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Cyprus

Deputies discuss plan to protect first-time homeowners

The state could buy up homes and allow the owners to rent for a period of time

By George Psyllides

THE government is looking to protect first residences from foreclosure and people from eviction, by buying the property and allowing people to stay for a fee, it emerged yesterday.

Lawmakers at the House human rights committee heard that the finance ministry was studying a scheme that concerned loans of up to €200,000 taken out to buy a first residence.

In case the borrower could not pay, the state would step in and buy the property and allow the people to live there for a fee in the form of rent.

Conditions would be set for long-term repayment of the amount, according to the scheme, but no other details were disclosed.

DISY MP Rikkos Mappourides said there were several issues that needed clarification, like which homes would be protected, the size, and the minimum values.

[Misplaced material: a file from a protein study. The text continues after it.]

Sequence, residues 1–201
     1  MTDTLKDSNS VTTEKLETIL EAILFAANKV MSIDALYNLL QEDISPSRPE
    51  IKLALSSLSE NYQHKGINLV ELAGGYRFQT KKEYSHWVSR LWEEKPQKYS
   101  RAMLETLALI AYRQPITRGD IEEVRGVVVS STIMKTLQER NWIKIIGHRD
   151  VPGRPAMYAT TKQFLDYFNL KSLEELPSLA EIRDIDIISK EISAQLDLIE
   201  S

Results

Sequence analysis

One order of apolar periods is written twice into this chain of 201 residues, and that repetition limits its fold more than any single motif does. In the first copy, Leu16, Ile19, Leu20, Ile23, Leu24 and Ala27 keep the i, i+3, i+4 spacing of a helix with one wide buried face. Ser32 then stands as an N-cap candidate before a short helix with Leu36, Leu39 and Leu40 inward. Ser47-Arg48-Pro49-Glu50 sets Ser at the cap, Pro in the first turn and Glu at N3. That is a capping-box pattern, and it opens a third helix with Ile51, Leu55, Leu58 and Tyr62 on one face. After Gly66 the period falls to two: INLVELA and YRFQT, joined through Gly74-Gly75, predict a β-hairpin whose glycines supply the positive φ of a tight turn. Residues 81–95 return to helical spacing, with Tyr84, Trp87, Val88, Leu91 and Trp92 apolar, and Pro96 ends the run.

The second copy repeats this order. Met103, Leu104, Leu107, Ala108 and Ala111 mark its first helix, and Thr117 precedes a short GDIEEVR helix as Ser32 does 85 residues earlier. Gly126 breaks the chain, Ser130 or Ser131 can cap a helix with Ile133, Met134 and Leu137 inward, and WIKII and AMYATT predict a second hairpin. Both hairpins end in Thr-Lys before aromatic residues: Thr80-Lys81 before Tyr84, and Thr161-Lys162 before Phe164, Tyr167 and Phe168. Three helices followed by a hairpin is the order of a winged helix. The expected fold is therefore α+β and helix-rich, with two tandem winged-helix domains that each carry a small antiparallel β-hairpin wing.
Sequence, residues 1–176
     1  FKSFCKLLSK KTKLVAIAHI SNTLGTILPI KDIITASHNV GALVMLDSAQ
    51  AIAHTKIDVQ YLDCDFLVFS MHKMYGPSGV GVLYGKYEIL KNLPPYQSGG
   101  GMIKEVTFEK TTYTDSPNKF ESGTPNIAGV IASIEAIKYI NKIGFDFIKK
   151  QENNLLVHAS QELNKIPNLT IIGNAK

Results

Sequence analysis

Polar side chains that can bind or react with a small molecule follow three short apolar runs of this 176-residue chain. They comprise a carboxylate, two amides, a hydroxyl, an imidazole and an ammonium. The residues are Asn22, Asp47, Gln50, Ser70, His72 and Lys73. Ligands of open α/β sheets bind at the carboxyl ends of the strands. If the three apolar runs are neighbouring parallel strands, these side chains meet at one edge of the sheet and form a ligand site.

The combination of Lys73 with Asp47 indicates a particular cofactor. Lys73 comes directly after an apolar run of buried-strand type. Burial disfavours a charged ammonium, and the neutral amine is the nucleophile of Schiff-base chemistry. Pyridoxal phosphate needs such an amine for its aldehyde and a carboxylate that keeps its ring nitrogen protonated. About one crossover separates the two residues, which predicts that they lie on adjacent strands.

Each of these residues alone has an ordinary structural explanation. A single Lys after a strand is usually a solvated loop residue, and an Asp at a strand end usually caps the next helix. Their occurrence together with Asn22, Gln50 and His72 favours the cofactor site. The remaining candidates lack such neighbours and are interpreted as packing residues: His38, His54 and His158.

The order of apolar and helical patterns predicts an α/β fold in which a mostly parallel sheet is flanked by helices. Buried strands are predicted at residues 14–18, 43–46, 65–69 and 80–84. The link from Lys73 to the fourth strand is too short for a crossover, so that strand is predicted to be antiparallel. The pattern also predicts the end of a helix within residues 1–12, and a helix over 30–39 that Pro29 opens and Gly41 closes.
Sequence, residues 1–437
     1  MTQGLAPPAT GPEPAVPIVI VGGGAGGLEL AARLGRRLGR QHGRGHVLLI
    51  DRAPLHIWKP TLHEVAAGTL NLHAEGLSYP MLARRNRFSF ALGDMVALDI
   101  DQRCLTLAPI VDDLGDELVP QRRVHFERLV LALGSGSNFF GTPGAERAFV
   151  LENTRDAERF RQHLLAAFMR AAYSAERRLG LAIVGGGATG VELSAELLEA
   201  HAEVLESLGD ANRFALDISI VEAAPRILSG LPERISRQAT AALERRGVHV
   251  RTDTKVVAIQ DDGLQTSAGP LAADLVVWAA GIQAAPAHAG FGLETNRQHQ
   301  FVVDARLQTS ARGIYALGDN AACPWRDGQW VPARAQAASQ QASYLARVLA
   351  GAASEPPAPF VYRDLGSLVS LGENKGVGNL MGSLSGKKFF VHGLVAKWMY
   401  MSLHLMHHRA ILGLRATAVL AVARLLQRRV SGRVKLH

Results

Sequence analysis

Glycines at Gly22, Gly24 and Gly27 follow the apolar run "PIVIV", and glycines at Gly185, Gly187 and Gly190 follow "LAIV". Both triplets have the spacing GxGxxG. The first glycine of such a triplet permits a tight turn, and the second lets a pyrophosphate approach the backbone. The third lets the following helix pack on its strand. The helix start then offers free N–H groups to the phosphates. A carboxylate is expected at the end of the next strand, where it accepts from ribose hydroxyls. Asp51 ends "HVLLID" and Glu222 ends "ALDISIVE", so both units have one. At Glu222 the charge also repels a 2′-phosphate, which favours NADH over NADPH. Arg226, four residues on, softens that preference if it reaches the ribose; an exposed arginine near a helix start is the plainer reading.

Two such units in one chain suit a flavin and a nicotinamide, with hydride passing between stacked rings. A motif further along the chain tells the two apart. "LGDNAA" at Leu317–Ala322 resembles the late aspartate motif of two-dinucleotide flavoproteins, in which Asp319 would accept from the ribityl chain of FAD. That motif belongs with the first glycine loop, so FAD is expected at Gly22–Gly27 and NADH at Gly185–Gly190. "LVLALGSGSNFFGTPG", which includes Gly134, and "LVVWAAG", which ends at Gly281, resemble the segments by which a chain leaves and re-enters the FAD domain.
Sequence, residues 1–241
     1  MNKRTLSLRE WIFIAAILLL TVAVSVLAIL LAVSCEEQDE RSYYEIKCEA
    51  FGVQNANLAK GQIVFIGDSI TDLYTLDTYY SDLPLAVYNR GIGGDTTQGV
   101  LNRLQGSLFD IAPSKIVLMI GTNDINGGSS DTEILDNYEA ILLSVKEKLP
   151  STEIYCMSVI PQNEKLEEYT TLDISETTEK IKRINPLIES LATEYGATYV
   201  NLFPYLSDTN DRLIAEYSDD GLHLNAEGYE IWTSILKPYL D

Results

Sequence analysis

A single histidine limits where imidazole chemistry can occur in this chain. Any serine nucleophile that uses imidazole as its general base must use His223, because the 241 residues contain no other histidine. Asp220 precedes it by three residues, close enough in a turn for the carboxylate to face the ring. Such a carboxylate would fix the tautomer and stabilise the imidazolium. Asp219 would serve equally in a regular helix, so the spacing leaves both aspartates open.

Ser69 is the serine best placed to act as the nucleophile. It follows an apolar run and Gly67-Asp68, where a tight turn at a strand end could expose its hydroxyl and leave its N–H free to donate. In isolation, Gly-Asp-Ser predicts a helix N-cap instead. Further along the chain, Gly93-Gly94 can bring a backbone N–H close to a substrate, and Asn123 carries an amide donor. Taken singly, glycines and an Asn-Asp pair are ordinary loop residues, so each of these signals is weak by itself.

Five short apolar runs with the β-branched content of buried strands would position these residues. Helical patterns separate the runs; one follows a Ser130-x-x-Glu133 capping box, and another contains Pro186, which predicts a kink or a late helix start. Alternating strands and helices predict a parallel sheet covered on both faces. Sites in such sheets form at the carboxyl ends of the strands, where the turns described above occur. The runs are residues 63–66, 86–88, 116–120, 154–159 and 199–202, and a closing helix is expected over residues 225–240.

Mappourides said MPs wanted to know how borrowers would be safeguarded and how they could eventually buy back the property.

AKEL MP Skevi Koukouma charged that banks were encouraging people with problematic loans to sell their houses, or give them to the bank and pay rent.

The scheme, or something similar, was floated during the summer.

At the time it had been reported that it would be implemented through the Cyprus Land Development Corporation (KOAG), a semi-state corporation that is under the jurisdiction of the interior ministry.

KOAG will buy from the banks properties facing foreclosure at their current estimated market value.

In the event this value exceeds what the property owner owes to the bank, the difference will be credited to the homeowner’s account.

The plan provided for low rent, and promised to keep confidential a person’s change of status from property owner to tenant.

To implement the scheme, KOAG would be topped up with an additional €60 million for three fiscal years (2013, 2014 and 2015), it was said.

The finance ministry claimed the plan could be implemented with a “neutral fiscal effect.”

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